bluebeetle1to20

Then I noticed some Justice Society stuff. And sure enough, speaking of full runs…the 1991 JSA series:

jsa1991

And the 1992 series:

jsa1992

And of course the characters’ return in the 1999 “mini-event” or whatever it was:

jsa1999

…plus a handful of other random issues I neglected to put back. As it was, I put back probably another 40+ issues that I now regret: a lot of the “Secret Files and Origins” type specials from throughout the mid/late 90s and early 2000s for Batman, Flash, and JLA. But considering I walked away with such a significant run of Blue Beetle, and the three JSA series and whatnot…I’m a pretty happy camper.

‘course, I’m only vaguely aware that Batman #5 was part of my stack of new comics and Ghostbusters #5.

Wondering more and more what it might be like to just drop new comics altogether, and instead raid quarter bins and such. Far better value on the older stuff…especially from this comic shop!

Blackest Night: JSA #3 [Review]

Full review posted to comixtreme.com.

Story: 3/5
Art: 4/5
Overall: 3.5/5

Blackest Night: JSA #2 [Review]

Full review posted to comixtreme.com.

Story: 3/5
Art: 3.5/5
Overall: 3/5

Magog #1 [Review]

Lethal Force

Writer: Keith Giffen
Penciller: Howard Porter
Inker: John Dell
Colorist: Hi-Fi Designs
Letterer: Pat Brosseau
Assoc. Editor: Rachel Gluckstern
Editor: Mike Carlin
Cover: Glenn Fabry (variant by Porter & Dell)
Publisher: DC Comics

I was rather surprised at this issue. I almost passed on it, figuring the character to not be something I’m interested in following long-term. But I gave it a shot, and I’m pretty much glad I did.

We open on a scene that provides us with some exposition–who Magog is, his recent past and what he’s about. We also see him into action with a couple pages that were seen originally in the “preview” in the back of a bunch of DC’s books a few weeks back, showing the more military/black ops side of Magog as the soldier. What he finds there leads him back to his current home and to confrontation with the JSA. After an exchange with Alan Scott, and an introduction to supporting cast members, we see Magog back into action. He’s currently the agent of the JSA who can or WILL get his hands dirty in ways the others can’t or won’t. Magog is not a super-hero; he’s a metahuman in a world of super-heroes, but he’s a soldier. (It would be interesting to see Magog interact with The Shield, come to think of it!).

Storywise, this issue is largely setup and contextualization. It does a good job of that–bringing one up to speed on the basics of the character, putting into place a supporting cast and status quo.

The art is high quality…I really like the visual style we’re presented with here. It’s not totally some grim ‘n gritty visual, but it’s not bright, hopeful and flashy, either. It feels very down-to-earth, and appropriate for the title character.

While this Magog is not the exact same character introduced in Kingdom Come nearly a decade-and-a-half ago, the similarities are there in tone as well as name and costume. One could envision this character developing into that one, but the differences are what add a layer of interest. Differences…or simply more information and insight into the individual…giving him depth rather than being a plot-point in someone else’s story.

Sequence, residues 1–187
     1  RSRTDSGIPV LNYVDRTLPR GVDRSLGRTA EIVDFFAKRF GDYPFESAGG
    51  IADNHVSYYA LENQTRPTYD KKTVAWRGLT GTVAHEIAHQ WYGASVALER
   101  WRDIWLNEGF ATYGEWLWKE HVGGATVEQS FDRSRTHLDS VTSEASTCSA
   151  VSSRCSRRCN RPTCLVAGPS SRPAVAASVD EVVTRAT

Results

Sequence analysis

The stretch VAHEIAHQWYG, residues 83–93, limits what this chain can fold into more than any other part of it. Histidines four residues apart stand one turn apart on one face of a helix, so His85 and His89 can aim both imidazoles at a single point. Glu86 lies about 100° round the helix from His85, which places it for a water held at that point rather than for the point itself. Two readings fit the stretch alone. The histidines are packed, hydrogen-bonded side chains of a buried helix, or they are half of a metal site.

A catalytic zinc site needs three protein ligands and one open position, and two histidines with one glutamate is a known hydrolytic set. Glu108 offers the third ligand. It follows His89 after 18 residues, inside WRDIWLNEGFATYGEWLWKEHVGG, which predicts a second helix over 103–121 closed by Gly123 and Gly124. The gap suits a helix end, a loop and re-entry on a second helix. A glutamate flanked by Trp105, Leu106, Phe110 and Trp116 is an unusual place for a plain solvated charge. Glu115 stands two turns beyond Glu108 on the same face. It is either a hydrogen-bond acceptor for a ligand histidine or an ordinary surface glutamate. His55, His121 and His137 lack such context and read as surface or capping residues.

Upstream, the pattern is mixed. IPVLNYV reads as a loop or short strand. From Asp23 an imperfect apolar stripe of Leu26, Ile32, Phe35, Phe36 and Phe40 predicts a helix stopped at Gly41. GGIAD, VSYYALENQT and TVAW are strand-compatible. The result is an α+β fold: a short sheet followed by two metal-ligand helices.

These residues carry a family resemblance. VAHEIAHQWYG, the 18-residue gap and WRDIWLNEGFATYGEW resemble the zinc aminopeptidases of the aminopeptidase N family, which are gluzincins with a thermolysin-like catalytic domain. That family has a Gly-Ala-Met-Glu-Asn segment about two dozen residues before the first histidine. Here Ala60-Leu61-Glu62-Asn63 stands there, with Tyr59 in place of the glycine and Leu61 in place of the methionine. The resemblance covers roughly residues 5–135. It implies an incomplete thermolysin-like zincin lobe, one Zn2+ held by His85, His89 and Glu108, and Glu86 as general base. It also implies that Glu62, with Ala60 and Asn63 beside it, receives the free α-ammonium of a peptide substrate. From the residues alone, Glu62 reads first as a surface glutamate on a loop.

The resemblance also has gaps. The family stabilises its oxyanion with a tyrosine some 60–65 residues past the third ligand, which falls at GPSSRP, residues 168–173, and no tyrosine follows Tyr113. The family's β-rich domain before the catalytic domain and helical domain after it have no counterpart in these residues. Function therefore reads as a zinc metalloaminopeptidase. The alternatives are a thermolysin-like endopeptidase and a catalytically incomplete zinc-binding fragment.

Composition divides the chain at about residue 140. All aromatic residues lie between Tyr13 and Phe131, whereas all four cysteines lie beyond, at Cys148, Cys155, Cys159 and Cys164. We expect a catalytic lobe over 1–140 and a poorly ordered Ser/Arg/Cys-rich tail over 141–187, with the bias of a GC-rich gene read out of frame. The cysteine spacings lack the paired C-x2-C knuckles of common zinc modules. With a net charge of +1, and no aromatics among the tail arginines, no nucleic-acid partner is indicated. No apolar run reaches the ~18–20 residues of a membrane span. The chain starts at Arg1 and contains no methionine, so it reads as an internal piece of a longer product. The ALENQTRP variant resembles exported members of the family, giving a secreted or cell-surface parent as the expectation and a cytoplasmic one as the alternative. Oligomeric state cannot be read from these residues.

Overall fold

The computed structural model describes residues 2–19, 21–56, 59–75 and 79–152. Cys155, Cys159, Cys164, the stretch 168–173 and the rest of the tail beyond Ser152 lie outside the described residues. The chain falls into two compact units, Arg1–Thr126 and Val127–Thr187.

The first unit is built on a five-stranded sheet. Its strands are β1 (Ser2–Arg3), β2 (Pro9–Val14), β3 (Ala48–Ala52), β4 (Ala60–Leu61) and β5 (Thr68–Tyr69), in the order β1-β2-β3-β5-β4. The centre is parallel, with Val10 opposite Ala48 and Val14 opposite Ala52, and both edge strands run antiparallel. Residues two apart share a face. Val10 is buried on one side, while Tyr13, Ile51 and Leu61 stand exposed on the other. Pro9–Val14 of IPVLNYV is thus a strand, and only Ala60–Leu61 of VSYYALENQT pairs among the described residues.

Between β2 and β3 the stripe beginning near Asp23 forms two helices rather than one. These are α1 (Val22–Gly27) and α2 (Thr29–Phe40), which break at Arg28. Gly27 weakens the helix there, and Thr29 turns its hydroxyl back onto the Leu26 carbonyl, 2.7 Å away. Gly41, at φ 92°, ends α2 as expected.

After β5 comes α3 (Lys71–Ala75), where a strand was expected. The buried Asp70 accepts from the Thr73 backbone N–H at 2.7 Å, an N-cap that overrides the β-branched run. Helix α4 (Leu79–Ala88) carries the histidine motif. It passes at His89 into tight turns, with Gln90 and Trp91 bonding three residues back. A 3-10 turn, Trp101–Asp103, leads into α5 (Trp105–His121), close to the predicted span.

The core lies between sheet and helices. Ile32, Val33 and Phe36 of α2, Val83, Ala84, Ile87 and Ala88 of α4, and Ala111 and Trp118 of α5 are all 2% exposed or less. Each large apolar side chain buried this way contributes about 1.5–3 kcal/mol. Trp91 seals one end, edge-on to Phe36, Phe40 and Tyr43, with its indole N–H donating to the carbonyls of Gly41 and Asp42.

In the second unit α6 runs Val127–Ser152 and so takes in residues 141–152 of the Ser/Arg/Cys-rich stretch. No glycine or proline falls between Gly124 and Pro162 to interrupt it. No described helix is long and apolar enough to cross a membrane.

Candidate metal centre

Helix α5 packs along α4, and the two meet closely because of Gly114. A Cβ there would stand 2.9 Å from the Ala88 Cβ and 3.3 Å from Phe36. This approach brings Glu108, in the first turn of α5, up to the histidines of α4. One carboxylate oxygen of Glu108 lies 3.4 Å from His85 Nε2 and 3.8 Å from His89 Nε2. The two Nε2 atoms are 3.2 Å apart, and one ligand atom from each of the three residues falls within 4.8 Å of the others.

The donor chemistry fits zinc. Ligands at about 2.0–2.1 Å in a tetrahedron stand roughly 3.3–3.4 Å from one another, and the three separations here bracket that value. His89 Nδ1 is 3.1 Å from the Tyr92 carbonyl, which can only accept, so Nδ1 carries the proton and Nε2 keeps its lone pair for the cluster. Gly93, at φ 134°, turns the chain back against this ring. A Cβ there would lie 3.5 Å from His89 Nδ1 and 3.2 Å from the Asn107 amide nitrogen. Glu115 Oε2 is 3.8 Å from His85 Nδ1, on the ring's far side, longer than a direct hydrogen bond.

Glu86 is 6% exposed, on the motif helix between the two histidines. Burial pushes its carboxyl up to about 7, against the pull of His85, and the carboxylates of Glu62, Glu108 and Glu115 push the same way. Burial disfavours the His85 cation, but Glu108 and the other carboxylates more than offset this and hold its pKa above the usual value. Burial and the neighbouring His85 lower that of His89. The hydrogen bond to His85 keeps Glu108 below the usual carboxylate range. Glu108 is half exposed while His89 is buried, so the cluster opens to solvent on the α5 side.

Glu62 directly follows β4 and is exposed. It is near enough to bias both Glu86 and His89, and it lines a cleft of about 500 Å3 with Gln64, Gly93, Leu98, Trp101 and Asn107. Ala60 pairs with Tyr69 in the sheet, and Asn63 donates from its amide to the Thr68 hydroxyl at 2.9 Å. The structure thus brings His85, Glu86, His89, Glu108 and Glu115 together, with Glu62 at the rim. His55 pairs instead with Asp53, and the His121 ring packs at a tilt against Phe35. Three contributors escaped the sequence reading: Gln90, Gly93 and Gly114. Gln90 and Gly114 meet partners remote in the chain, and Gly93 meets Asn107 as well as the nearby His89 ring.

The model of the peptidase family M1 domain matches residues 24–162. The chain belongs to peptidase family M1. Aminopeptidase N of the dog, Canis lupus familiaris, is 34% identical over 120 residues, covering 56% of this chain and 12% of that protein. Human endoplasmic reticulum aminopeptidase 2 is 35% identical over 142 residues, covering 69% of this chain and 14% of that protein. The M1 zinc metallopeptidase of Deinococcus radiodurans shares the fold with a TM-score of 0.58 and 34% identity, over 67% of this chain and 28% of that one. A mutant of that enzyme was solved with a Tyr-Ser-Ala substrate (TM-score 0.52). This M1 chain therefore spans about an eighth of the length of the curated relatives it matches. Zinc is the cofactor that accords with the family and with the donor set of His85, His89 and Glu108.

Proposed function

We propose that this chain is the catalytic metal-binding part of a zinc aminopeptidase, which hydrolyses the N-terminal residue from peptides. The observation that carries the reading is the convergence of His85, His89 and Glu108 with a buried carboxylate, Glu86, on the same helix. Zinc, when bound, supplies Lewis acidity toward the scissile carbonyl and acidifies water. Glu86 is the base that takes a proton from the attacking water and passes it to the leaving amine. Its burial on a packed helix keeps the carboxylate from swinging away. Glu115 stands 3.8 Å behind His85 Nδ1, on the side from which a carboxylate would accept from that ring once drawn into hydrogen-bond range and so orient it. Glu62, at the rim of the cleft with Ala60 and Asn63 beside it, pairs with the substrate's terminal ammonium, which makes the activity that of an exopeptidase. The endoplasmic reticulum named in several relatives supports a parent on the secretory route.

Giffen seems to have a good handle on this character, and though I’m not entirely ready to “commit” to this series, I’m sufficiently hooked for at least another issue to see if the magic holds beyond this premiere issue.

Story: 7/10
Art: 8/10
Whole: 7.5/10

Justice Society of America #27 [Review]

Ghost in the Darkness

Script and Pencils: Jerry Ordway
Inks: Bob Wiacek
Colorist: Hi-Fi Designs
Letterer: Rob Leigh
Associate Editor: Rachel Cluckstern
Editor: Mike Carlin
Cover: Jerry Ordway
Publisher: DC Comics

As the various JSA members go about their lives after the latest incident with Black Adam and their membership issues, a new threat shows up. First, Alan Scott’s son traps several members in the house, forcing the team to act against him, despite his claims of just trying to protect them. It’s quickly discovered that there’s more at play than first suspected, and that it is yet another “ghosts issue” for the team.

I passed on this issue when it first shipped last week–I wasn’t interested in sticking around post-Johns, and was content to go out on the high note Johns left this book on. But guilt at being in a comic shop and otherwise walking out empty-handed, I chose this issue as my token purchase…based largely on noticing Ordway’s name on the cover.

I was definitely correct in my assumption that the visuals would be top-notch for the issue, given Ordway’s being the artist. This is beyond a passive “no complaints” about the art–this is an active recognition that the art is very strong top-level stuff that I greatly enjoyed.

The story on the other hand feels rather…generic. I’m not a fan of generic “ghosts” stories, and actually avoided the Gentleman Ghost arc that closed out the previous version of this series around Infinite Crisis.

Though the characters here all seem familiar, and I want to like ’em with OR without Johns…there’s still a shift all around, and I can’t honestly say one way or the other whether I’ll be picking up the next issue or letting this title go.

Recommended for the art and for the die-hard JSA fans. Those following the book specifically for Johns’ writing may be disappointed–at the least, don’t leap into this issue thinking it a seamless change from Johns’ tenure on the series.

Story: 6/10
Art: 9/10
Whole: 7.5/10